# Why are repeating decimals often self-inversions?

Let $$b$$ be any base, and let $$x$$ be some odd integer.

Empirically, it seems that for any $$b$$, the majority of odd $$x$$ will have the following property. Given a reptend $$r$$ with $$2k$$ digits as in

$$\frac{1}{x} = 0. \dots \overline{r_1 r_2 \dots r_{(2k)}} \ ,$$

you will often find that $$r_i+ r_{(k+i)}\equiv -1 \pmod b$$ for all $$i \leq k$$.

As a simple example, we have $$x=13$$ in base $$b=2$$ with the 12-digit reptend $$r=100111011000_2$$, as so:

$$\frac{1}{13} = 0.00\ \mathbf{100111}\ 011000\ \mathbf{100111}\ 011000 \ldots$$

where $$100111_2+011000_2=111111_2$$.

In short, for many more numbers than one would expect by chance, the first and second halves of the repeating digits of many rationals often sum pairwise to $$b-1$$. I haven't checked this rigorously, but there's obviously some mechanism causing this, and it seems to be base-agnostic. What gives?

Here's a follow-up snapshot of a range of essentially arbitrary rationals in the form $$\frac{20}{x}$$ using base-33. The answer about $$1/p$$ makes sense, but if it also explains why there would be so many examples in this case, I'm afraid I'm still missing how. Note the stars that indicate those whose digits sum to $$32$$, or check the reptend addition itself in the center column.

Perhaps it would be easier to explain why those rationals which don't follow this pattern do not?

• – lhf
Oct 27, 2020 at 0:43
• I read that before posting... if it addresses my question directly, I must be missing it. Oct 27, 2020 at 0:45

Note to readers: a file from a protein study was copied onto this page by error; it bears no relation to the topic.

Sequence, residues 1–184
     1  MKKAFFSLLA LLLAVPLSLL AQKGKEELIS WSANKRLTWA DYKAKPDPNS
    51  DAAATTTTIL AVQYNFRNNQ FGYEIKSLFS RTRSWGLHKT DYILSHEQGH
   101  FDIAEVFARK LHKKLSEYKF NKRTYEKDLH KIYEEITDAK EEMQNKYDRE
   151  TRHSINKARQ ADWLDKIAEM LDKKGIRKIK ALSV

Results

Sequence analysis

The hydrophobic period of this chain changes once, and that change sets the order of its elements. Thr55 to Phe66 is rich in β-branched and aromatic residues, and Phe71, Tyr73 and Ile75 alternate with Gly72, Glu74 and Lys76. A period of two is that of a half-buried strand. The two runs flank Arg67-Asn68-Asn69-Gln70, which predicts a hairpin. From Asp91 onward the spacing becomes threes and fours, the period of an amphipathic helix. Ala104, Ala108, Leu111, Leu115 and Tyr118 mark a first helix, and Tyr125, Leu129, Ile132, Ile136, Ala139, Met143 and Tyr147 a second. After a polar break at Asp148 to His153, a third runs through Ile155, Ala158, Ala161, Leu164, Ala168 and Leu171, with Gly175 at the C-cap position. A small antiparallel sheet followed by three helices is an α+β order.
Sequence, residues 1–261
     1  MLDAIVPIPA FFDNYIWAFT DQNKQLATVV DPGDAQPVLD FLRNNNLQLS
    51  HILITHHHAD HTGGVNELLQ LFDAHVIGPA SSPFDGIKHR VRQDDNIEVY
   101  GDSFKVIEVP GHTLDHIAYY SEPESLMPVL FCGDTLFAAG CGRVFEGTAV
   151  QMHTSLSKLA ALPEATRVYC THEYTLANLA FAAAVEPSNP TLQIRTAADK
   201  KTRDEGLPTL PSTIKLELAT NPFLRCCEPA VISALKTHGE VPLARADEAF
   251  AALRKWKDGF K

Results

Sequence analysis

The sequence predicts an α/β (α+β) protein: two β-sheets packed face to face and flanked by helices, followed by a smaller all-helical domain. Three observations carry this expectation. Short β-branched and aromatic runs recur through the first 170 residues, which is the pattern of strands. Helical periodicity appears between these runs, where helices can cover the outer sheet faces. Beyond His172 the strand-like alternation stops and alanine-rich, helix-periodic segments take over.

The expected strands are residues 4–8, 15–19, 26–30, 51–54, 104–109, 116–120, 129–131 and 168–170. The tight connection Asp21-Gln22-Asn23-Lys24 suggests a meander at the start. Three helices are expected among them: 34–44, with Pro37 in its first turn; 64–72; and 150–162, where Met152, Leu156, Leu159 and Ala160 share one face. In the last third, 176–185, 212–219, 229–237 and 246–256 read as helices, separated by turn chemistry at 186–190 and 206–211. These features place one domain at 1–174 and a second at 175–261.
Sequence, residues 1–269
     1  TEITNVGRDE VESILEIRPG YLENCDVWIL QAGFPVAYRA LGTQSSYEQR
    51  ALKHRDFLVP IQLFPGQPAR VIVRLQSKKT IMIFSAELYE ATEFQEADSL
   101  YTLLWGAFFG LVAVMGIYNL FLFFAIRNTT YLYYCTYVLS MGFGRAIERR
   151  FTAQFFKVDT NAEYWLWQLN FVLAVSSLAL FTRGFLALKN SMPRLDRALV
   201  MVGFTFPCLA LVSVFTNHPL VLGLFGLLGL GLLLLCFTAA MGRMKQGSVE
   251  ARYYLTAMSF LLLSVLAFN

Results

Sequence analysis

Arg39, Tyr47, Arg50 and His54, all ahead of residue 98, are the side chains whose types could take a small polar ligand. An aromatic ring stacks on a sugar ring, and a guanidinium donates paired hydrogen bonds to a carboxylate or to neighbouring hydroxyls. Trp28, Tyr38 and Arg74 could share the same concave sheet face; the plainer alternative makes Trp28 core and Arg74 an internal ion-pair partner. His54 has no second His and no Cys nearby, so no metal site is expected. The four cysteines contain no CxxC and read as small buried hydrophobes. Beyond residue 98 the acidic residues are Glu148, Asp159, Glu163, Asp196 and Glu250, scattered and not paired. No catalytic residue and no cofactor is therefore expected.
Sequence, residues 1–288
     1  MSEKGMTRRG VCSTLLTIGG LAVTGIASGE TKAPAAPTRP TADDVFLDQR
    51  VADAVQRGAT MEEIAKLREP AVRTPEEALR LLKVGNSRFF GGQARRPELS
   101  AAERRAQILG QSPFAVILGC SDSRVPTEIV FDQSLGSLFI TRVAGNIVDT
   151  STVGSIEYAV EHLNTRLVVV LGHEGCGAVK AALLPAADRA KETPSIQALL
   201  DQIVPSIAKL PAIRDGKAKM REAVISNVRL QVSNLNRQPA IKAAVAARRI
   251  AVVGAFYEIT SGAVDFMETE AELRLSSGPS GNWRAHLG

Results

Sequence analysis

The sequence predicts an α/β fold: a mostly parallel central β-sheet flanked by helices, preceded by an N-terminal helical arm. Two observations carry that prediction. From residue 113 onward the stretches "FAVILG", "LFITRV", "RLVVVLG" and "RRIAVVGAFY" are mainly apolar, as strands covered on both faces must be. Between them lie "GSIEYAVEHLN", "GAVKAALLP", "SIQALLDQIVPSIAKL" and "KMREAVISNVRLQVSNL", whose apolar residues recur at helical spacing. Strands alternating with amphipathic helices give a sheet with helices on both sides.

• note: $\frac1p$ repeats after $2k$ digits means $b^{2k}\equiv1$ and $b^{k}\equiv-1\bmod p$ Oct 27, 2020 at 0:45
• it seems you are using $k$ for two different things: (1) half the length of the reptend and (2) the odd number whose reciprocal you are calculating Oct 27, 2020 at 1:16

That the decimal expansion of $$\dfrac 1p$$ repeats after $$2k$$ digits means $$b^{2k}\equiv1\bmod p$$,

which means $$b^k\equiv\pm1\bmod p$$,

and if it doesn't repeat after $$k$$ digits that means $$b^k\equiv p-1\bmod p$$.

Thus, if $$\dfrac 1p=0.r_1r_2...r_{2k}$$, then $$(r_1r_2...r_k)\times p=b^k-(p-1)$$

and $$(r_{k+1}r_{k+2}...r_{2k})\times p=(p-1)\times b^k-1,$$

so $$(r_1r_2...r_k+r_{k+1}r_{k+2}...r_{2k})\times p = p \times( b^k-1)$$;

i.e., $$r_1r_2...r_k+r_{k+1}r_{k+2}...r_{2k} = b^k-1$$.

• Here $p$ is a power of an odd prime Oct 27, 2020 at 3:51
• Thanks, this helps, but I'm still confused about whether it helps explain non-prime cases. See addition to post. Oct 27, 2020 at 5:21
• It doesn't always work for non-prime-power cases; consider the decimal expansions of $1/119, 1/187$, and $1/221$; if $10^{2k}\equiv1\bmod pq$, it could be that $10^k\equiv-1\bmod pq$ or not Oct 27, 2020 at 15:37